The soil in the higher parts of the parish is generally a black loam resting upon clay, and occasionally on gravel; it is of various depths, and more or less wet in different places. On the lower lands the soil is mostly clay, intermixed with sand, and, by long cultivation and the plentiful use of manure, has been rendered extremely fertile. The system of agriculture is good, and the rotation plan of husbandry adopted; the crops are, wheat, barley, oats, turnips, and peas, all of which are abundant. The farm-buildings have been much improved, and draining has been carried to a considerable extent; embankments have been also constructed for protecting the low lands from the inundations of the Tay. The principal of these was completed by Mr. Allen in 1836, when about 100 acres were reclaimed from the river, now forming some of the richest land on his estate; the embankment is forty feet wide at the base, and two feet on the summit, and is eleven feet high; the lower portion of the bank, to the height of four feet, consists of a wall of dry stones, and the upper of earth and reeds intermixed with stones. A second embankment has been more recently constructed by Captain Allen, R.N., on a similar plan, to the east of Port-Allen, and of greater extent than the former to the west of the port; and in process of time, by continuing these embankments, a very large portion of most valuable land will be added to the farms contiguous to the river. The rateable annual value of the parish is £20,260. There are some plantations on the banks of the Tay, to resist the incursion of the tide, consisting chiefly of hard-woods: in the grounds of the principal proprietors the trees are chiefly larch; in Errol Park is oak of venerable growth, for which the soil is well adapted, and in some of the poorer lands that are uncultivated Scotch fir is predominant. The substrata are chiefly limestone of inferior quality, which is used for building, and sandstone, tolerably fine grained, but not very compact; and the minerals hitherto found, are calcareous spar, quartz, and chalcedony. The sandstone is wrought at Clashbennie, where an extensive quarry has been opened, from which between 4000 and 5000 tons are annually raised. In this quarry have been found at different times various fossils and organic remains; impressions of small fish have been frequently discovered, and in 1836 a portion of stratum was found, in which was an entire impression of a fish nearly twenty-seven inches and a half in length, and about thirteen inches in breadth, in form resembling a tortoise. The upper portion of the stratum, containing the entire body of the fish, was soon afterwards found, and purchased by the Rev. Mr. Noble, of St. Madoes. Errol Park is an ancient mansion finely situated; the park contains some fine specimens of stately timber, and the avenue to the house is formed of lofty oaks of venerable growth. The grounds adjoining the residences of the other proprietors are also well planted.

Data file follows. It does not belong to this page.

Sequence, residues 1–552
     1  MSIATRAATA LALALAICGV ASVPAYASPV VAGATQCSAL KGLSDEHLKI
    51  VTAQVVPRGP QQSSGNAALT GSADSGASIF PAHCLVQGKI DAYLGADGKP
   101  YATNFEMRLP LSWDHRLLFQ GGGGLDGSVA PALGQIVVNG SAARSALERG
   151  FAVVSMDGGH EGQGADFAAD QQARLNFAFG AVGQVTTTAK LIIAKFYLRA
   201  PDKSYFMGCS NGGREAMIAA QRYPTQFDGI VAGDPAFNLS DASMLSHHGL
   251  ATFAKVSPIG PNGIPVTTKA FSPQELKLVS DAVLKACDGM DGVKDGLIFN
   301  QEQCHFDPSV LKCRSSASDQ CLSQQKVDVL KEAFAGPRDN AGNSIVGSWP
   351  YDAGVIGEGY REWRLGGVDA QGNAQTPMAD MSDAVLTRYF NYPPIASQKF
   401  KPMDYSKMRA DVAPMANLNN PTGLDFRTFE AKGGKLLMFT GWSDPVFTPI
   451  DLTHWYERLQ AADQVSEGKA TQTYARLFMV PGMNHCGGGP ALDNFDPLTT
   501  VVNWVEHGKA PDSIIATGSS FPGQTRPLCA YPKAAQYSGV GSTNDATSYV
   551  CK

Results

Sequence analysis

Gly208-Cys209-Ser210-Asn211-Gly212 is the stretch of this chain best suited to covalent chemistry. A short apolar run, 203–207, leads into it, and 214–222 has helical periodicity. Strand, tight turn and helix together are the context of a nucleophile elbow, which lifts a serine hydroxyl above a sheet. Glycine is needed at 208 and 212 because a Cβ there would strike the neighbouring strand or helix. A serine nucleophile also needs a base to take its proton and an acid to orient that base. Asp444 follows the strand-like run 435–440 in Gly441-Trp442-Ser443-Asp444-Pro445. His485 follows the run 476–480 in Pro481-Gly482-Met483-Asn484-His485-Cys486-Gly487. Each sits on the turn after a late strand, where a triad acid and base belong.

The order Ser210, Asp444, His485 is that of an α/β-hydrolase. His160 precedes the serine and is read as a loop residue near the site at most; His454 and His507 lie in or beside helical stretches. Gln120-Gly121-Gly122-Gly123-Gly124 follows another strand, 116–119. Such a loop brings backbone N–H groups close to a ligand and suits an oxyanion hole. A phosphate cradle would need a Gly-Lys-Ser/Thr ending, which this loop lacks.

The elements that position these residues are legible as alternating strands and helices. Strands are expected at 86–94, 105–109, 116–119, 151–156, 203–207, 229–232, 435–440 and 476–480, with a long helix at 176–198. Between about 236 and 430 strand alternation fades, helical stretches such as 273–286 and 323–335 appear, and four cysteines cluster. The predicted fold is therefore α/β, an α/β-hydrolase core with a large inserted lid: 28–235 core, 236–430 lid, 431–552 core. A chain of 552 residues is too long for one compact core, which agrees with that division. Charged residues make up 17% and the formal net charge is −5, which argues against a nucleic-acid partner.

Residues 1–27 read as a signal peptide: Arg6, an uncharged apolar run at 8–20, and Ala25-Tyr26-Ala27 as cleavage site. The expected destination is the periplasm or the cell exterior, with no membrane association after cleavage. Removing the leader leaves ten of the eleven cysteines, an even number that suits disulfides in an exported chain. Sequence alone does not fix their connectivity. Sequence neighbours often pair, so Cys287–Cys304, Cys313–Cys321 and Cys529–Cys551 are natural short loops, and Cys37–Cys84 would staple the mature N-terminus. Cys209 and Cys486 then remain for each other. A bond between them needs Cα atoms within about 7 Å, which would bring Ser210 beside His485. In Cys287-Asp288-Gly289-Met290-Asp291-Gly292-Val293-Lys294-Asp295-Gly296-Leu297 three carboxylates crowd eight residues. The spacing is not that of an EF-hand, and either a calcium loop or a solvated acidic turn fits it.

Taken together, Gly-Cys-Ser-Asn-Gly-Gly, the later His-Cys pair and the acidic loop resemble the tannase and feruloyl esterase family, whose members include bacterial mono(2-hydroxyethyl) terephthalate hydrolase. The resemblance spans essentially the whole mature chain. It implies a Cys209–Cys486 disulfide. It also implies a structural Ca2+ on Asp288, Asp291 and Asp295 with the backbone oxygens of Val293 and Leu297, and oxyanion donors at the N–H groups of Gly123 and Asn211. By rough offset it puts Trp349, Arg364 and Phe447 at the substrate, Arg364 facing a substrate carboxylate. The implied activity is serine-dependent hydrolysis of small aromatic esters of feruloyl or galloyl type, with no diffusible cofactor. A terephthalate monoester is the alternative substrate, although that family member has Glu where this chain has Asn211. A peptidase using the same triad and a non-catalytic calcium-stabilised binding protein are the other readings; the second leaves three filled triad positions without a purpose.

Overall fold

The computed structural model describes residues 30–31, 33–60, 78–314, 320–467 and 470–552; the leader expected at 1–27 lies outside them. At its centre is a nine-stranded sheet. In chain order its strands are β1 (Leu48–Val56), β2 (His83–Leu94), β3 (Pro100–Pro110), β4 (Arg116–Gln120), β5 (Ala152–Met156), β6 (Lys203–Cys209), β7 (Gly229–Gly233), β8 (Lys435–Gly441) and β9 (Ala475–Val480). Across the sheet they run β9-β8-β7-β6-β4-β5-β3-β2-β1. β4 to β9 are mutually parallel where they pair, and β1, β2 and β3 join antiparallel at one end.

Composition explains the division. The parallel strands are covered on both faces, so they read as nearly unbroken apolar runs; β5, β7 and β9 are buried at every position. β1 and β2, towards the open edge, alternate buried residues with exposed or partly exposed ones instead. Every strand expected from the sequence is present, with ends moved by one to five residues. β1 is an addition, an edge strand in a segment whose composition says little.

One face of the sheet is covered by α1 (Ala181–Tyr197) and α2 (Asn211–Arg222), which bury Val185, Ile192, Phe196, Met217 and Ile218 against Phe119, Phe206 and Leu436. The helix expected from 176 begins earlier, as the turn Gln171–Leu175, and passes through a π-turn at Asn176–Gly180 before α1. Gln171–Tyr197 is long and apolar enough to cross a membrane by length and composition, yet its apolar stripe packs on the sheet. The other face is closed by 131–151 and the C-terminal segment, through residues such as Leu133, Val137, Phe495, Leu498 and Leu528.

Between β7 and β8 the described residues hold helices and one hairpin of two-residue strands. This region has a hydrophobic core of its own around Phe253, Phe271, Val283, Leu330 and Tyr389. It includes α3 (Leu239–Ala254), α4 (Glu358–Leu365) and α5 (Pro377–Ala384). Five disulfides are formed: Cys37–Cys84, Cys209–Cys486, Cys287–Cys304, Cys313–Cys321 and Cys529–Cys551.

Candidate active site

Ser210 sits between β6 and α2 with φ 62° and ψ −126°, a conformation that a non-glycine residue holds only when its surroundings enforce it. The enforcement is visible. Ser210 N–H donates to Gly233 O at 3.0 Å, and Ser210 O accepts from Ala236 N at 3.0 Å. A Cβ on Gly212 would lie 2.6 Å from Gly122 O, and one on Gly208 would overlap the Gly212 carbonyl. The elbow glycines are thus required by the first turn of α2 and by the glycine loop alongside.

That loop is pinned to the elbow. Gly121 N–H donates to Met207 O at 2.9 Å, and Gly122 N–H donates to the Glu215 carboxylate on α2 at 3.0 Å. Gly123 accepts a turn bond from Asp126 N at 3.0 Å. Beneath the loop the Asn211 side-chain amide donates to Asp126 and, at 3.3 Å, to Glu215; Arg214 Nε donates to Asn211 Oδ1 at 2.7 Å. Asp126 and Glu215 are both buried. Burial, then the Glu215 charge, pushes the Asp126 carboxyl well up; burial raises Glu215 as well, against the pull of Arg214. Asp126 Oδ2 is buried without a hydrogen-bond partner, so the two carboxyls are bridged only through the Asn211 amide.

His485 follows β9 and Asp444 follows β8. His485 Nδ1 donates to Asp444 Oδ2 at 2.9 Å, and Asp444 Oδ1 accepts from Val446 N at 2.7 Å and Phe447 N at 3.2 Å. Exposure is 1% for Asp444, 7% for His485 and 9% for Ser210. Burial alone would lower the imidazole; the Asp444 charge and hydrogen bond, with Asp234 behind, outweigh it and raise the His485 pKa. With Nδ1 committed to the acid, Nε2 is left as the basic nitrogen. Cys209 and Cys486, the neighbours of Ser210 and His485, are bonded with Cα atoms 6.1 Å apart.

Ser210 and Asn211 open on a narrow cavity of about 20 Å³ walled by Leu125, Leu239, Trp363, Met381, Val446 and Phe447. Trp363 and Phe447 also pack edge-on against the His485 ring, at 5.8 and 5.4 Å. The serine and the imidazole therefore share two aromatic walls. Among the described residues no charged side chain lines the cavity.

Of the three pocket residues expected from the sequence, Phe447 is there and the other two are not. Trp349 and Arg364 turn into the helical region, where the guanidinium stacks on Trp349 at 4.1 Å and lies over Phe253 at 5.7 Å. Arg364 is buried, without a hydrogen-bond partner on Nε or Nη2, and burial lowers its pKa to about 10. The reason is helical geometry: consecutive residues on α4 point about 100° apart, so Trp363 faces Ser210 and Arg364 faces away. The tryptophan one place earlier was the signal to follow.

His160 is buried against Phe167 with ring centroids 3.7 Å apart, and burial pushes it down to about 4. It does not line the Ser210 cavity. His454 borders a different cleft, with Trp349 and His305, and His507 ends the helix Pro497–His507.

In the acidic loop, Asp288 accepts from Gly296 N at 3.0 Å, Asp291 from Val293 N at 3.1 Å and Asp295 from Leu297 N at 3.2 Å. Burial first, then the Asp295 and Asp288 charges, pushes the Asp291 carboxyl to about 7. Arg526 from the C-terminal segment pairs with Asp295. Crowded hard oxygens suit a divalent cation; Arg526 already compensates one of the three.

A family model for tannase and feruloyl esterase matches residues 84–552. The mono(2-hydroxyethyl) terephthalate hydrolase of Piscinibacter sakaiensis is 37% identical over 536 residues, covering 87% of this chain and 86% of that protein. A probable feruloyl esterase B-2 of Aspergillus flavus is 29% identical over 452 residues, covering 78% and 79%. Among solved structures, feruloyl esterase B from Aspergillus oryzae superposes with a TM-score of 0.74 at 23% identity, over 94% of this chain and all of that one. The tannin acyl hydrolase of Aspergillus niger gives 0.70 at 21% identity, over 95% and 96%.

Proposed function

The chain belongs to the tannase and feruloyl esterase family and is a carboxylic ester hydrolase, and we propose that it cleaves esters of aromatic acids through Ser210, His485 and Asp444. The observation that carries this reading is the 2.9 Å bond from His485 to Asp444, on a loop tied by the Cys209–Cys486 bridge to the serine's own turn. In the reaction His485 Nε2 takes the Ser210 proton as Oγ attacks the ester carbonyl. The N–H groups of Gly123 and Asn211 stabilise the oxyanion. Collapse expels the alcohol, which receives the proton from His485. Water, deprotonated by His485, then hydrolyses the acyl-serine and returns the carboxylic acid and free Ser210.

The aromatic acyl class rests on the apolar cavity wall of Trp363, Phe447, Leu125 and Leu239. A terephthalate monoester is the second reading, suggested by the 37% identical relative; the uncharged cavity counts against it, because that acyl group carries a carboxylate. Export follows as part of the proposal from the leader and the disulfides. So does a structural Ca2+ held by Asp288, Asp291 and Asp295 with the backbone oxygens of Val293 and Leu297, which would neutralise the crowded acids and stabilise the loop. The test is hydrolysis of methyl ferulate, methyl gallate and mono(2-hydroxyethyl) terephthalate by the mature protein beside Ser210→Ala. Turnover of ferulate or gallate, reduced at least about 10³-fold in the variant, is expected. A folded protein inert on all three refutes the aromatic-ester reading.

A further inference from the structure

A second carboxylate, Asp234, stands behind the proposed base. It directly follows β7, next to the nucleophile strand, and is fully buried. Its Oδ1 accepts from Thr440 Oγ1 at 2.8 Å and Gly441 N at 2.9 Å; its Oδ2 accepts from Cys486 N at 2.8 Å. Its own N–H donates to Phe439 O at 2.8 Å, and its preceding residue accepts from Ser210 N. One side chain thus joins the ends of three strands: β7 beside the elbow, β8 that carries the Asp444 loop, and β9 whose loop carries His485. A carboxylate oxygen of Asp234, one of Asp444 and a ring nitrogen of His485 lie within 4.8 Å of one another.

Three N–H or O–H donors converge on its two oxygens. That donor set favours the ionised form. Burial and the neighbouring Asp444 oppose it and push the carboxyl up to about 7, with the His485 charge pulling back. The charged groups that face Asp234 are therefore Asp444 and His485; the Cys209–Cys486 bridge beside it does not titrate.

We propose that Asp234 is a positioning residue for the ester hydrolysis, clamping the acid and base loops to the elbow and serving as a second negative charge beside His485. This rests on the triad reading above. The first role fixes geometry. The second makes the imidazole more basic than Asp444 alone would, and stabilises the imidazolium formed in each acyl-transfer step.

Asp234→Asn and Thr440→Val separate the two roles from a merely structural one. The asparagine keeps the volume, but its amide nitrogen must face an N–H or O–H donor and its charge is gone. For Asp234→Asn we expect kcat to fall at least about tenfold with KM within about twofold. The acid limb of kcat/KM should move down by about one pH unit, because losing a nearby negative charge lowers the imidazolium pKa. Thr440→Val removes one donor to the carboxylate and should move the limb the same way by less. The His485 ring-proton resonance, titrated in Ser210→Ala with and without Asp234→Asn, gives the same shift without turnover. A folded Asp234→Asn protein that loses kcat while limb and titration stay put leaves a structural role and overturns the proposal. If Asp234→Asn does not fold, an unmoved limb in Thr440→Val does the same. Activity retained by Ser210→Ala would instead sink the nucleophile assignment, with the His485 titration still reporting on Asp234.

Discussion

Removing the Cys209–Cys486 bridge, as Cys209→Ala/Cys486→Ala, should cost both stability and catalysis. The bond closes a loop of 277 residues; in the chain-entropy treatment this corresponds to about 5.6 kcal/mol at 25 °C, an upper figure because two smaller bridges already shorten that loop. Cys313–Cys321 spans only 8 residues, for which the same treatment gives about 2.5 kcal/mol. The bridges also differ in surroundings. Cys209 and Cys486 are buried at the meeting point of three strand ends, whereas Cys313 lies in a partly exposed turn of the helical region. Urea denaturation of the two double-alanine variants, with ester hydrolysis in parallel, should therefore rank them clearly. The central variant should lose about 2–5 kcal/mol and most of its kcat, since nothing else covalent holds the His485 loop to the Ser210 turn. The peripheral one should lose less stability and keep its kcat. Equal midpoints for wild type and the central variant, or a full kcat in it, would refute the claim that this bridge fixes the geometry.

The village is irregularly built; but its situation on an acclivity, at a moderate distance from the river, gives it a very pleasing aspect, and it is well inhabited. The weaving of linen-cloth is carried on for the manufacturers of the town of Dundee, and affords employment to several families; a considerable number are also engaged in spinning and winding yarn. A kind of soft canvass, made from an inferior sort of hemp, is likewise manufactured here, chiefly for bags and packages for goods; and much business is done in a tile and brick work recently erected, upon a very extensive scale, by the Messrs. Adams, of Glasgow, on the property of Captain Allen, to the north of the village, with a view to promote the draining of the lands in the district. The salmon and sperling fishery is pursued to a moderate extent, producing to the proprietors an annual rental of £300. The navigation of the Tay is confined chiefly to Port-Allen, where there is a small, but commodious, harbour; and, from the progress which is still being made in the construction of embankments, the channel will be considerably deepened, and greater facilities of entrance afforded for the shipping. The exports are, grain, potatoes, and other agricultural produce, and the chief imports are lime and coal; about 5000 bolls of lime, and 1000 tons of coal, are annually landed. A passage-boat plies daily between this place and Newburgh, and on its return brings timber, iron, and other articles of commerce. The harbour dues are paid to the proprietor; and the ferry is also in his possession, and produces a rent of £200 per annum. About a mile and a half from the village of Errol, at a place called Flatfield, is a post-office, which has a branch in the village. Fairs are held in July and October, the latter having been recently revived; the July fair is numerously attended, though little business is done, except in hiring farm-servants. The nearest market-town is Perth, with which, and with other places in the neighbourhood, a facility of communication is obtained by good roads, one of which, a turnpike-road, passes through the parish for several miles.